Viral painting defining the pain of Covid in India

The tragic image of a mother sitting with her 29-year-old son’s corpse under her feet has become a hot topic in India.

The photo shows an exhausted Chandra Karasin sitting on an electric rickshaw with a stone face on a busy street in Varanasi, northern Uttar Pradesh, with the body of his son Vinitosin.

The unforgettable image is just one example of the plight of Indians trapped between a pandemic on the verge of collapse and the healthcare system.

The state is the worst affected May the serious second wave of Covid-19 dominate India. Varanasi, who is struggling to deal with the pandemic, is a supporter of Prime Minister Narendra Modi.

On Monday morning, Mrs. Singh and her son went from home to the hospital attached to Banaras Hindu University (BHU) and were just over an hour’s drive from the city, uncle Jaishin told the BBC Hindi. ..

“Vineet is suffering from kidney disease and has been consulting with a doctor at BHU Hospital for some time. He had an appointment a week ago on Monday,” Shin said.

However, when the mother and son arrived at the hospital, they were told that the doctor was not there and were advised to go to a trauma center to accept emergencies.

Vignette collapsed at the entrance to the trauma center, and hospital staff refused to admit him, according to his mother.

“They said he had a corona. Take him out of here. My son, my kid was out of breath. We begged for oxygen and an ambulance, but got nothing I couldn’t, “she said in tears.

Patients suffering from coronavirus disease (COVID-19) are treated in the casualties ward of Lok Nayak Jai Prakash (LNJP) Hospital during the epidemic of the disease in New Delhi.

Hospitals are full of patients, often two in bed

She took him on an electric rickshaw to a nearby private hospital, but they also refused to admit him.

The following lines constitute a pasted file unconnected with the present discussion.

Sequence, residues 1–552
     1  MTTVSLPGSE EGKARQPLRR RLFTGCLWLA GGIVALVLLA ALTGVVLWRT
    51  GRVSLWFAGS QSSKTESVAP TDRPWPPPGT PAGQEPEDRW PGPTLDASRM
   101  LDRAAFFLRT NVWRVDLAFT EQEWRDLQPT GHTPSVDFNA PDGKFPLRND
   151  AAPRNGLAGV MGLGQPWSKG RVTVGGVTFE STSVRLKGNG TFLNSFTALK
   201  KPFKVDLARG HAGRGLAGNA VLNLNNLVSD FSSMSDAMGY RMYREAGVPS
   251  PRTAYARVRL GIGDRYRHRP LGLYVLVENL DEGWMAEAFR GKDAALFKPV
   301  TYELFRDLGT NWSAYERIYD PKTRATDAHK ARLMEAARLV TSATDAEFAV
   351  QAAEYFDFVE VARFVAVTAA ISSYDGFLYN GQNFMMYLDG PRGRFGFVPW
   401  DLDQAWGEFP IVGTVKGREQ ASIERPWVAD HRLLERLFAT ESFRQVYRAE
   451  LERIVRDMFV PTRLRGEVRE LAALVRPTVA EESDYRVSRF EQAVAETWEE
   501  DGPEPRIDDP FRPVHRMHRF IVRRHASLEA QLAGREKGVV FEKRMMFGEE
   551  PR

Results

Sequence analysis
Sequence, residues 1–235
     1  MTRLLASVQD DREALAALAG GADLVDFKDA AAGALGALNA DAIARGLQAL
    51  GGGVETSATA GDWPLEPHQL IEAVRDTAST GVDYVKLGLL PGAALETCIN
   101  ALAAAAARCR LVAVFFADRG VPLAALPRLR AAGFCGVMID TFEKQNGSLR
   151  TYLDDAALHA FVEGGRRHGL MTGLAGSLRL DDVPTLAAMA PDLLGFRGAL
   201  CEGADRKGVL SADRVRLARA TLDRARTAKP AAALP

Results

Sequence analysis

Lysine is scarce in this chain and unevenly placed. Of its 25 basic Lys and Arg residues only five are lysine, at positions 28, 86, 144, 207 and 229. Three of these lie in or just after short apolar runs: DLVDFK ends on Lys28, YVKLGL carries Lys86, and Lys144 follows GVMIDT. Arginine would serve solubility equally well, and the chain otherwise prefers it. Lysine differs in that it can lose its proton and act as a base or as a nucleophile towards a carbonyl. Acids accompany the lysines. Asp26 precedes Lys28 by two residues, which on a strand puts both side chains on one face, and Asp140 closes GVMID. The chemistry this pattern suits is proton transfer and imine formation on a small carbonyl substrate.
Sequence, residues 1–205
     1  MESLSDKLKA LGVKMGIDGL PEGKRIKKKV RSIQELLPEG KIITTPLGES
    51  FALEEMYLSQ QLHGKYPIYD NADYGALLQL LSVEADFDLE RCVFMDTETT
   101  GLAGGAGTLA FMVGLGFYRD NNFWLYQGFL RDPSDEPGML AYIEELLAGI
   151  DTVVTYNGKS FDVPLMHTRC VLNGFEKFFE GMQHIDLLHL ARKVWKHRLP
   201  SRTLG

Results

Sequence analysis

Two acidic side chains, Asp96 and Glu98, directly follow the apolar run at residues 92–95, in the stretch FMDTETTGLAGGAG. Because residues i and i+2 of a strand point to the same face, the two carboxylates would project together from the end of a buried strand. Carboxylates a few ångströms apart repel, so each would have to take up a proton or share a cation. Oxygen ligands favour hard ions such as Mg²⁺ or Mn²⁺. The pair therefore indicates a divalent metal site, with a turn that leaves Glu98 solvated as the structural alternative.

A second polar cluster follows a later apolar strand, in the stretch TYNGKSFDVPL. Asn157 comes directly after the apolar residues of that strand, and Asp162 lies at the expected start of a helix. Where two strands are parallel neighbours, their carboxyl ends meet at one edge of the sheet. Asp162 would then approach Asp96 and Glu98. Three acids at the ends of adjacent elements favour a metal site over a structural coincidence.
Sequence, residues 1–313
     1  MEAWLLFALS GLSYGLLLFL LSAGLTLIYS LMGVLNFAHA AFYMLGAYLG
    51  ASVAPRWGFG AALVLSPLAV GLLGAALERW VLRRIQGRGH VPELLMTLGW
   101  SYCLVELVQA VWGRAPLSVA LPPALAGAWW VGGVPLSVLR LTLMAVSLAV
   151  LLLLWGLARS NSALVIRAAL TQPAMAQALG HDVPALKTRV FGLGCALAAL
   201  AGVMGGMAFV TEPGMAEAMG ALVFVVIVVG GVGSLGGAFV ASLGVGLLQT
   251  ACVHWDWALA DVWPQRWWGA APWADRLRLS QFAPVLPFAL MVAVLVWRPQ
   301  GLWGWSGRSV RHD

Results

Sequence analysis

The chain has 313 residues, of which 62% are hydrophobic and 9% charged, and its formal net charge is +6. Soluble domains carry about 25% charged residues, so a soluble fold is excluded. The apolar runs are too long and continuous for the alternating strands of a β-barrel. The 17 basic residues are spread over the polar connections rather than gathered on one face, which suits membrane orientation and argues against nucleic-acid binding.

On the way to the third hospital, Vineeth died holding her body at her mother’s feet.

And when she was shattered by the death of her son and urgently needed help and sat there sadly, she was robbed. Her son’s medical records and phone were stolen.

The first photo published by the local Hindi newspaper Dainik Jagran is widely shared in India.

Reporter Shraban Barradwaji, who reported the story, told the BBC that the road where Vignette died was just outside the BHU and there were dozens of private hospitals.

“But no one provided help,” he said.

It is not yet clear whether Vineet died from the Covid-19 complications or whether the family was infected with the virus by saying they were “symptomatic.”

“If he had been hospitalized, oxygenated and treated for kidney problems, Vineeth’s life would have been saved. He died of negligence. This type of negligence causes even more deaths. It’s possible, “said his uncle.

Similar pain scenes are unfolding throughout IndiaThere is a line of ambulances waiting for the patient to be hospitalized, with crowds waiting outside the overwhelming hospital. Many, like Vineet, died outside the hospital or on their way to the hospital.

As India fights the deadly second wave, social media is flooded with desperate calls for oxygen, ambulances, ICU beds and life-saving drugs.

BHU Hospital in Varanasi is the premier medical facility that is a reliable health center for about 25 million people living in 40 strange districts in eastern Uttar Pradesh. However, the surge in Covid cases overwhelmed the hospital and its staff.

Hospital officials told the BBC that they were only consulting online because of the pandemic.

Dr. Sharad Mathur, the hospital’s medical supervisor, said they were trying to do their best, but said “the pressure was too great.”

“The labor shortage is severe and everyone available is already in place. Every day we save a lot of lives, but people only go to the hospital when the patient is in a very critical situation. I’m in a hurry, and this is all happening in the middle of a pandemic.

“All patients being treated are in an emergency and they are approaching us in a crisis, but we cannot simply save the lives of all patients,” he says. I did.